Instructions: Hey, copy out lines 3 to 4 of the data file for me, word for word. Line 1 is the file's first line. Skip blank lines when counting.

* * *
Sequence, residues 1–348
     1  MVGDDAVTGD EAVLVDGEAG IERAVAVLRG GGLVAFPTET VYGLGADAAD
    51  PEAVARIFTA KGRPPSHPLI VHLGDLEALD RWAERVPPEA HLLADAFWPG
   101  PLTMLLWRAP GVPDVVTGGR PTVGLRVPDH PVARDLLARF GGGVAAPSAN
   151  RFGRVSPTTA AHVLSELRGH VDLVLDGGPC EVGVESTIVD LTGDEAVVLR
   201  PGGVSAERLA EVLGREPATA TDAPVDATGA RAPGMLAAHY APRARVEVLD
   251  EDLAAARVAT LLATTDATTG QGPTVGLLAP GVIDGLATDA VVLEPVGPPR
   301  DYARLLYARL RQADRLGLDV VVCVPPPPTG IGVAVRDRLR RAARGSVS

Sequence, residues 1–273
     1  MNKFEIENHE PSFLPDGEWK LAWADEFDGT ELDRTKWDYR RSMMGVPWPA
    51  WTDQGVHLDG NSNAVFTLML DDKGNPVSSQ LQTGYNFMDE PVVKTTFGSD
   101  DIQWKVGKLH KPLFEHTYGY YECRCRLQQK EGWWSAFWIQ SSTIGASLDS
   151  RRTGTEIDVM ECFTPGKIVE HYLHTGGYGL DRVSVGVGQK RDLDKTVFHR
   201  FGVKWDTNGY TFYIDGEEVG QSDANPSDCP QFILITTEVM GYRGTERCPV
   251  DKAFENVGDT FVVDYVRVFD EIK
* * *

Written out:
    51  PEAVARIFTA KGRPPSHPLI VHLGDLEALD RWAERVPPEA HLLADAFWPG
   101  PLTMLLWRAP GVPDVVTGGR PTVGLRVPDH PVARDLLARF GGGVAAPSAN